Yesterday I went to watch a demonstration in the camp. It was the anniversary of the foundation of the Arab Liberation Front (a Ba’athist-associated minor faction within the PLO) and another significant date associated with the Popular Front for the Liberation of Palestine – General Command (another political faction – this time closely associated with the Syrian regime and Hezbollah – with a particularly dark past that has included attacks on school children), and so two parades had been organised through the streets and alleyways of Beddawi Camp.
The residents are, understandably, very cautious of foreigners taking photos, especially when they are kitted up with guns and demonstrating. Luckily, I went with a colleague who wanted to borrow my camera to take some photos for a website. Some of the shots are quite remarkable, and the things that I saw yesterday have been playing through my mind ever since. Among the standard armed militiamen in fatigues and carrying Kalashnikovs, and the local Sheikhs and members of the Popular Committees (all old men – the de facto political leadership in the camps), were a startling number of children.
Some of these kids were members of the Palestinian Scout Association. They looked smart, in neat uniforms, playing drums and bagpipes, waving flags, and with obvious pride at being in the parade. Others were in replica military uniforms, some as young as 6-7, either holding replica weapons or real guns. There’s something really quite overwhelming about seeing a young boy carrying an assault rifle, struggling under the weight of it while he marches along with his father. One can’t call them child soldiers as this was just a march and not a battle. But it makes me wonder where, in the event of a conflict, would the community draw the age line? When I asked a colleague about this he said simply that, if these Palestinians are attacked, everyone in the community would be involved in fighting back.
The photoset from the parades leaves me in a real quandary. Firstly, I wasn’t the one behind the lens so they strictly speaking aren’t my photos to share. What is more, they contain faces of people who would not want me to share them, and the faces of children who deserve protection and anonymity. Nevertheless, I desperately want to show people what I saw, and for them to be shocked as I was. I’ll not publish the photos (except the one above as it contains no faces), but I will describe one of them.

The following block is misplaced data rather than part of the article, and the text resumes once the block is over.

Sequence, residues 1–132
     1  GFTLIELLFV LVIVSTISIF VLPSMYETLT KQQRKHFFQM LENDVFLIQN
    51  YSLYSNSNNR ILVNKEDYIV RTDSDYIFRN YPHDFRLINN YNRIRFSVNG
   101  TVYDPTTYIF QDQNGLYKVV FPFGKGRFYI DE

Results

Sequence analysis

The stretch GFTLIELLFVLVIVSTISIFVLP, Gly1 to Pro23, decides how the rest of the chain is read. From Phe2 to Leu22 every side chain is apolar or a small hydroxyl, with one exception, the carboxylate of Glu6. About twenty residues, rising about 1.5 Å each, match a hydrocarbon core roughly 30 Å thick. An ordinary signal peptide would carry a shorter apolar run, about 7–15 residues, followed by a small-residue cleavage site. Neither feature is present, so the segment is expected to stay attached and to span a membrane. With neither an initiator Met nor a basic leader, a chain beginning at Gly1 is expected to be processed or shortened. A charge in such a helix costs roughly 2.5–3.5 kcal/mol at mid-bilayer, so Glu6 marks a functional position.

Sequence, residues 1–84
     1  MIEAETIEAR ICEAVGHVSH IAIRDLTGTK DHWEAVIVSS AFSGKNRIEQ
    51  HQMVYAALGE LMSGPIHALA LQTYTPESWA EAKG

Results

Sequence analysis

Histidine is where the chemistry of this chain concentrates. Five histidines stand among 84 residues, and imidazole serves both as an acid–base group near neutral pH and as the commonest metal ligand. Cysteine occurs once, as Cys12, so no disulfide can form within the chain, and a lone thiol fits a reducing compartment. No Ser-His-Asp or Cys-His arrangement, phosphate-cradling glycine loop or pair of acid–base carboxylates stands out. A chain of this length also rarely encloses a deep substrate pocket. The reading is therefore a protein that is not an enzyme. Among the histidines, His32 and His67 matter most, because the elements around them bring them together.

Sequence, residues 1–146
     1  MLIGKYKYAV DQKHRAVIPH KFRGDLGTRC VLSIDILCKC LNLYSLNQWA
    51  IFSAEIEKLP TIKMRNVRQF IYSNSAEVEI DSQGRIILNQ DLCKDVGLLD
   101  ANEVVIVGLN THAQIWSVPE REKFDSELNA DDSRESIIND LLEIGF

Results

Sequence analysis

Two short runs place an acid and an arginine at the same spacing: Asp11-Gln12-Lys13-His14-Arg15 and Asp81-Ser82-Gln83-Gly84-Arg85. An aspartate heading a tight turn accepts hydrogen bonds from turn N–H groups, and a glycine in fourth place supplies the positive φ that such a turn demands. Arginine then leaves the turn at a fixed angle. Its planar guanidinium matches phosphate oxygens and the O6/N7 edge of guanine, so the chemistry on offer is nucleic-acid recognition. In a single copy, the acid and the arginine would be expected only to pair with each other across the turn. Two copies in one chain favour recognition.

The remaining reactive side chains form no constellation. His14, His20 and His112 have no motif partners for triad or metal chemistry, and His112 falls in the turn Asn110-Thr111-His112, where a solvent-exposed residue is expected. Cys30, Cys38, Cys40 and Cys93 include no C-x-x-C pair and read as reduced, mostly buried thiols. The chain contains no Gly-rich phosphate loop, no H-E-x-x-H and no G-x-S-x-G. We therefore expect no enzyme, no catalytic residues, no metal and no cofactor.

The highlight of the set was a picture of a young boy, no older than 9-10, at the front of one of the parades. He was wearing military fatigues, a beret, and had a floral wreath around his neck to be laid at a monument in the centre of the camp. His face was ruddy-cheeked, open, and with truly startling eyes – one bright, icy blue, one dark brown. I’ve been trying not to get carried away in florid metaphor, but in this case it’s possibly forgivable. Everything about the child, about the community, seemed to be contained in those heterochromatic eyes. One eye held the brightness of hope, innocence, pride, and the possibility of a better tomorrow that is embodied by children. The other seemed to contain the darkness of violence, fear, anger and despair that has been this community’s past, and may still yet be their future.
(I’ve just been told that the ribbon on the wreath around the boy’s neck bears the name of the ‘Popular Front for the Liberation of Palestine – General Command’. Given their history of targeting children, that’s pretty chilling too.)
For me, the most troubling aspect of seeing armed children is not just the immorality of placing children at risk, but the fact that it saps away all hope for a better future for a community. If children are made to feel proud to be armed, and if this is the only way they are taught to resist or seek change, then it closes down the possibility that they will find their own, peaceful way to pursue the justice and freedoms they will want in their lives.